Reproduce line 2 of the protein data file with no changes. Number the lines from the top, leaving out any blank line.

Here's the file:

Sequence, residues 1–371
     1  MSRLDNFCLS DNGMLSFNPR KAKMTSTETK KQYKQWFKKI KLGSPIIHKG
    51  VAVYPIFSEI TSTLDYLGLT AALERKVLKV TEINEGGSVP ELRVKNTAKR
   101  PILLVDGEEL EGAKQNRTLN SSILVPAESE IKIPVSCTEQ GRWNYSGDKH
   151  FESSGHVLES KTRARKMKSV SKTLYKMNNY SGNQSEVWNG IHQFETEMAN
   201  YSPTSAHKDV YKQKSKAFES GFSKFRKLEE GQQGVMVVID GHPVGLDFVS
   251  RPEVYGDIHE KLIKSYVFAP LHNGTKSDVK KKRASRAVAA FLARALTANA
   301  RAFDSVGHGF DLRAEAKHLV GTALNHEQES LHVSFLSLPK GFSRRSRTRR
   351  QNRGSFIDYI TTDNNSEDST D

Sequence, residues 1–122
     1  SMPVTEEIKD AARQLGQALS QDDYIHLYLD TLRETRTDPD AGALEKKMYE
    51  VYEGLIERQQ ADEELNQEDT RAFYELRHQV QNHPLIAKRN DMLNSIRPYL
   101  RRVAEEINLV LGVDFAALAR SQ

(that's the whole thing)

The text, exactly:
     1  MSRLDNFCLS DNGMLSFNPR KAKMTSTETK KQYKQWFKKI KLGSPIIHKG